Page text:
Alongside the rise of accountability we have sustainability, which has already become a new religion for many – especially within the developed world. Investing in a greener future is not only crucial but also makes good business sense. Governments and companies pioneering this approach are seeing huge benefits and “green” is already influencing how we do business and shape policy in dramatic ways.

But contrasts co-exist and this presents tough challenges for organisations bombarded with contradictory media messages and data. Consumers and citizens demand on the one hand transparency and ethics, and on the other more choice and discounts. To balance these two contrasting demands requires whole brain thinking and culture. Left brain (analysis/detail) and right brain (bigger picture/concepts) dynamics must come together to enable organisations to think from the outside in. In other words, organisations must step outside their corporate or government box and understand how people see them in order to effect positive changes and innovation.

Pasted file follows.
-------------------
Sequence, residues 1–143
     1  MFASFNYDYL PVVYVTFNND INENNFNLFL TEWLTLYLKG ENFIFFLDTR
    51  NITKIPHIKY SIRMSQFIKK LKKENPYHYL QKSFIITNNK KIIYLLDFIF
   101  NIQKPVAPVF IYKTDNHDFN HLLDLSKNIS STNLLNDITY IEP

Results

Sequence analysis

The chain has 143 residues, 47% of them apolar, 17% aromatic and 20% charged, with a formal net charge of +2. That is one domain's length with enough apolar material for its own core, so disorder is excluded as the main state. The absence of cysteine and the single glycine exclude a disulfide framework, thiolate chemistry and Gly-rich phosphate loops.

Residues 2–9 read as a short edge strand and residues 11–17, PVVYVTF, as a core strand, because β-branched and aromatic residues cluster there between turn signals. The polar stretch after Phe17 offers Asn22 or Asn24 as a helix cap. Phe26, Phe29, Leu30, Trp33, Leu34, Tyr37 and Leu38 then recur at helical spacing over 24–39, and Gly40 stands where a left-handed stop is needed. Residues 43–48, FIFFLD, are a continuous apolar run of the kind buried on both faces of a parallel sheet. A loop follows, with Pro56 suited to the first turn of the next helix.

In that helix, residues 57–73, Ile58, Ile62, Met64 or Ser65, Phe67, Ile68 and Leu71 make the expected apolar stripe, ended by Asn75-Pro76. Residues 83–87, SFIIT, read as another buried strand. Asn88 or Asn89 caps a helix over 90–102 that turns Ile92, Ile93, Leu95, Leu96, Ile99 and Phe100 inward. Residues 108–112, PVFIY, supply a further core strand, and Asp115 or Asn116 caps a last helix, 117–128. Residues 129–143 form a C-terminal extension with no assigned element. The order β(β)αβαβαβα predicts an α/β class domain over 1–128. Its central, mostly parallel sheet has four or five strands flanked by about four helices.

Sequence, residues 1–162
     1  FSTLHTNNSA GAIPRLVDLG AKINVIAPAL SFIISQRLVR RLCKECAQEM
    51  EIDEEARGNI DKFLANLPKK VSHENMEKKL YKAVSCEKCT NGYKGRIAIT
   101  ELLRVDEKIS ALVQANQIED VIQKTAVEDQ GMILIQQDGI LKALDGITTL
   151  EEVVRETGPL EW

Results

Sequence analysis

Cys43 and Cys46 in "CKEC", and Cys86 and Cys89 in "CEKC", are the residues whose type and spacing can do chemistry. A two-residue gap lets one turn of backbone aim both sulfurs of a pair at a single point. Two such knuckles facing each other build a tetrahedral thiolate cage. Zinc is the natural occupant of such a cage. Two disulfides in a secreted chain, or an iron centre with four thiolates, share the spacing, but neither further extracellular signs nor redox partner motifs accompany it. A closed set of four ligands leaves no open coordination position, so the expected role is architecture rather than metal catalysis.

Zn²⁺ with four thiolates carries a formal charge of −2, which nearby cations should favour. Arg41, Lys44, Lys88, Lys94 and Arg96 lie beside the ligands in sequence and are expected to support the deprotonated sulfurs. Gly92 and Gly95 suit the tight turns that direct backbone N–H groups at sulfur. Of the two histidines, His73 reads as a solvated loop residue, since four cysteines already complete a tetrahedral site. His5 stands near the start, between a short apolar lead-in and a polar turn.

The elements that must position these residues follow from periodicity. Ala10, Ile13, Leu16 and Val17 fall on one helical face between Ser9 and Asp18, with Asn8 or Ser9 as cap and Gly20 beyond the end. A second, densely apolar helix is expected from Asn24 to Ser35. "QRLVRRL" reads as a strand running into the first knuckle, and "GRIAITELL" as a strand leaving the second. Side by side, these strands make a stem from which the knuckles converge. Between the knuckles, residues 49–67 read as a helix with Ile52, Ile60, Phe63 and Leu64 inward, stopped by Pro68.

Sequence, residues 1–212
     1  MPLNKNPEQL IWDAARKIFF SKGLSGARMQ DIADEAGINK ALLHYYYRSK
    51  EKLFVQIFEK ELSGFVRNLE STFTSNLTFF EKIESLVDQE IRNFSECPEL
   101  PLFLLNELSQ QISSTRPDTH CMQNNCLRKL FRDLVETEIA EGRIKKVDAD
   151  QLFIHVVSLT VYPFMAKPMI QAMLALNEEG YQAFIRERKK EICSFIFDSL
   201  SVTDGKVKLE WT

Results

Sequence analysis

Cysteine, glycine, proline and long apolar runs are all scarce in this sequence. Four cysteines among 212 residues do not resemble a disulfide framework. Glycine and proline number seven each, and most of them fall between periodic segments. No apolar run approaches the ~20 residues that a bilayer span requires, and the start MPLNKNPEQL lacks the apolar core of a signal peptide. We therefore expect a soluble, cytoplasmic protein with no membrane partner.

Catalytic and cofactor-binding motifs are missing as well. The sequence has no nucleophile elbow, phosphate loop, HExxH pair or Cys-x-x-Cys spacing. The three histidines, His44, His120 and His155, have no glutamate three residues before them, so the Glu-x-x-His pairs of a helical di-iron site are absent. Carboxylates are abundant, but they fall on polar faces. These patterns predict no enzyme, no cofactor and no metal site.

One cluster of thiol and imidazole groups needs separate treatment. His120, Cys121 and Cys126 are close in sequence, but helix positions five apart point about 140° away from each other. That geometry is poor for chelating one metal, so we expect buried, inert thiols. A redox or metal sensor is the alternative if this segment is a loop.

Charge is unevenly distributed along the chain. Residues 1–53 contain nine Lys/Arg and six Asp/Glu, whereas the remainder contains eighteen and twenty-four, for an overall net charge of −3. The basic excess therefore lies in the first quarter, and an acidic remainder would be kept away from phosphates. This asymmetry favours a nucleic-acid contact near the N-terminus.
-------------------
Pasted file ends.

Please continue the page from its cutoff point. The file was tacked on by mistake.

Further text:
A key tool for this process is Trend Mapping – a shortcut that helps to decode cultural contexts in society, reveal the bigger picture and identify challenges and opportunities that are impacting on us now and in the future. To assist with this process I use my Trend Atlas to navigate the future. Below I have mapped out the key drivers from the Atlas that will affect society, brands and people now and in decades to come. They are:

  • Total Transparency is the new norm and trust goes hand in hand with transparency in a world of online exposure. Your future depends on accountability and requires a personable and honest approach and fair storage and use of personal data.
  • Empowerment Technology and Convenience means we now manage life, work and socialising wherever we are. A new generation raised on the freedoms created by technology and share culture expects more empowerment and lower-cost products and services.